I'm thrilled to say that one of these is a new web portal and podcast that David Blatner and I are doing. It's called InDesign Secrets:
For now, the web site is mainly serving as a home for the podcast. As of this writing we've got the premiere episode published — twenty minutes of David and I trading InDesign tips and techniques and having lots of fun playing radio dj's. Take a listen! more >
Adobe InCopy, the editorial adjunct to InDesign, is slowly bubbling up into the collective consciousness of page layout professionals. This is evidenced by a growing number of articles, tutorials, and even (finally) a third-party book about the software. I'm thrilled, because I never know what to say to my InCopy training clients when they ask me what resources are available other than on-line help and my InCopy Resources page (http://www.senecadesign.com/designgeek/incopy.html):
Don't Be Editorial's Prisoner
This was written by me and went up on creativepro.com's web site just a few days ago. It's actually a companion piece to a longer, more in-depth article I wrote on InCopy (and why designers love it) that's coming up in InDesign Magazine (see the next item).
Big InCopy Feature Article [working title]
Well, I don't know the title the editor will give to my InCopy article yet. But it's a good read — it's aimed at designers but has enough info for the editors and management at your company to warrant your passing it on to them (while paying for a second copy of course!). The article will be in the December 2005/January 2006 issue (#12) of InDesign Magazine, to be published in its usual 60+ page PDF form on December 12, along with lots of other great InDesign content that the magazine is known for.more >
My assistant, Sherri, and I just wrapped up a months-long effort of updating the content in DesignGeek Central, the section of my web site that contains my software resource pages (as well as DesignGeek back issues):
Check out the resource pages for Photoshop, Acrobat, InDesign and Illustrator, especially; as we found great new books and a sheaf of new Adobe white papers (in-depth guides in PDF form) for each of these programs, which were buried in various places on Adobe's web site. Also of note, the OpenType Resources page has links to new Type 1 to OpenType conversion guides and glyph charts, and I added two new resource pages, one for Adobe Bridge and one for Version Cue.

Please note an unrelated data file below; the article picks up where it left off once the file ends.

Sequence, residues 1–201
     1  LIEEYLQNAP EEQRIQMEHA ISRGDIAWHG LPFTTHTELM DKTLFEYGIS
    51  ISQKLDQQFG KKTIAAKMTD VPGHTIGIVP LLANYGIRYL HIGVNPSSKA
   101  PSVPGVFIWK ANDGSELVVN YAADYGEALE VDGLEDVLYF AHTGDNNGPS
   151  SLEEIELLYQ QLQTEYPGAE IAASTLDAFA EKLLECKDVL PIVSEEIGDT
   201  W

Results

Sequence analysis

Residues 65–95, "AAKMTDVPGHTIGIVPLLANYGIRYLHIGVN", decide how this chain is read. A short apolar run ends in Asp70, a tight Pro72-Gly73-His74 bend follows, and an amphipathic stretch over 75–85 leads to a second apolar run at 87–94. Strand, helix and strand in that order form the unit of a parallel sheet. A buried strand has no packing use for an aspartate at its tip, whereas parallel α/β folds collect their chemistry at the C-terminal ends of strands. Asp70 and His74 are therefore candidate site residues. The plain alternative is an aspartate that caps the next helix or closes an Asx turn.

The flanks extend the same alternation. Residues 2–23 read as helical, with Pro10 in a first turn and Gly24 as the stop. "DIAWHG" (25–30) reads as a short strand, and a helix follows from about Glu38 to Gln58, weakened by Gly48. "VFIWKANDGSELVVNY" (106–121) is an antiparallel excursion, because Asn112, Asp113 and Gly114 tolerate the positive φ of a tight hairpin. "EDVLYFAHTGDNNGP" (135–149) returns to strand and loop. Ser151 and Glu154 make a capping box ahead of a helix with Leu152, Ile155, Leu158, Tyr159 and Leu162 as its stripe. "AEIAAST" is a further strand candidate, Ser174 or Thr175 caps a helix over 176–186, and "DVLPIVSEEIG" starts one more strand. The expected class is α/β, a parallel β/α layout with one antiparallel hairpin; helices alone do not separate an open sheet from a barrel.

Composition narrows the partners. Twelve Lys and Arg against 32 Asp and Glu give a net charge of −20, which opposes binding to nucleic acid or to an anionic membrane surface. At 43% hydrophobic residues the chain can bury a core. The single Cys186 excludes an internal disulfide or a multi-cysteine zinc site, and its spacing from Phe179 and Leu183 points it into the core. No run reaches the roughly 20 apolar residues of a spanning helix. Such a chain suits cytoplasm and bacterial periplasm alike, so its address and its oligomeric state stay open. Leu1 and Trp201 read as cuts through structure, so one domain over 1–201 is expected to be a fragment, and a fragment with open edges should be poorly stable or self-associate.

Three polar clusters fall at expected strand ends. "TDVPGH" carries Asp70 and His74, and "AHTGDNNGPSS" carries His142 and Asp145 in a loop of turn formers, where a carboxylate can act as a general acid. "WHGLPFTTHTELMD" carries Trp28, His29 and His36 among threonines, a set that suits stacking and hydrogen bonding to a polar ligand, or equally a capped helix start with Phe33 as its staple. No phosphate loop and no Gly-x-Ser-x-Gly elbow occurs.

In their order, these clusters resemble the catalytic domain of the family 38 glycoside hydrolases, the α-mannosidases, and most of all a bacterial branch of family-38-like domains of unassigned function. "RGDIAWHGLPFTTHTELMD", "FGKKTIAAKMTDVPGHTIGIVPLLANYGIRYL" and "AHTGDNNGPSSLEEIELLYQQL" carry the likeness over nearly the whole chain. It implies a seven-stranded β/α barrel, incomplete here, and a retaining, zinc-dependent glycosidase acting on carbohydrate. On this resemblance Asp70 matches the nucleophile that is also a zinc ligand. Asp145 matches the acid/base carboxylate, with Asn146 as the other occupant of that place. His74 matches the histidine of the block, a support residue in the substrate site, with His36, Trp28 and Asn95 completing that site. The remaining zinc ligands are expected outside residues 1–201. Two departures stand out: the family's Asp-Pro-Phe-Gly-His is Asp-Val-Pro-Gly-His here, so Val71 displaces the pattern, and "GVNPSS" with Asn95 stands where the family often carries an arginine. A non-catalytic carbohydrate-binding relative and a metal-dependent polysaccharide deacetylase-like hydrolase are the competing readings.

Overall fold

As before, each resource page contains links, artwork, and pithy commentary about what I consider to be the best information available for the program or topic in question, and best of all, many of the resources are free. A typical resource page includes links to relevant DesignGeek articles, best books and magazines, Adobe/Quark/Apple white papers and tutorials, user groups, mailing lists, forums, video and on-line training, third-party web sites, blogs, podcasts, plug-ins, actions, XTensions, and kitchen sinks.more >
One of the most common questions I hear from designers when I'm teaching Adobe Illustrator is, "What's the "Global" checkbox for in Swatch Options?" (Swatch Options is the dialog box that opens when you double-click a color in the Swatches palette so you can modify the color mix, or when you choose New Swatch from the Swatches palette menu.)
When you tick the Global checkbox in Swatch Options, you turn that swatch into a "linked" or "smart" swatch. From then on, filling or stroking an object with that swatch links the object's color to the swatch's definition, equivalent to applying a paragraph or character style to text. Modify the swatch's color mix via Swatch Options and you'll see all the swatch-colored objects in your illustration update their color to reflect that change.
In other words, global swatches act just like ones in InDesign's Swatches palette or QuarkXPress's Colors palette.more >